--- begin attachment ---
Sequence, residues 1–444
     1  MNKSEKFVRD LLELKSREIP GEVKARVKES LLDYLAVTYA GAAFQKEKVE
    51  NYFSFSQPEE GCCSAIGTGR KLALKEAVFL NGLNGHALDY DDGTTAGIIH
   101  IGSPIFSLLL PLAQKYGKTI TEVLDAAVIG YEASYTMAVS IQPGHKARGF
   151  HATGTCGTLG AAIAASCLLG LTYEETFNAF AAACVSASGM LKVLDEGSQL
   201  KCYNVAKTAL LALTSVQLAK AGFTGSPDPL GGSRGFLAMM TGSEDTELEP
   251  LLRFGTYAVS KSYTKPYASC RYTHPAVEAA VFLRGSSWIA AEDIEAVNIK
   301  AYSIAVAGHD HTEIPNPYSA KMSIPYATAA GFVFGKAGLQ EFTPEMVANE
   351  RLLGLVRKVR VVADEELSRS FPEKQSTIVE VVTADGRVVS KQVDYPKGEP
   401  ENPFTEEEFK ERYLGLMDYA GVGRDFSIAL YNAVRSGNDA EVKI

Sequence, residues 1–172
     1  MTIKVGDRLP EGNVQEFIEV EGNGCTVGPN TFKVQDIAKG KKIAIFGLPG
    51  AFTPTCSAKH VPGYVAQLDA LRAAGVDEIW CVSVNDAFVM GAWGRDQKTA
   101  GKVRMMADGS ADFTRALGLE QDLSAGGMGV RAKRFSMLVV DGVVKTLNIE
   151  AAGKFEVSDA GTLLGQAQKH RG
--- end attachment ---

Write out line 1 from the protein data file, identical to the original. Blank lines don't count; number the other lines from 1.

Sequence, residues 1–444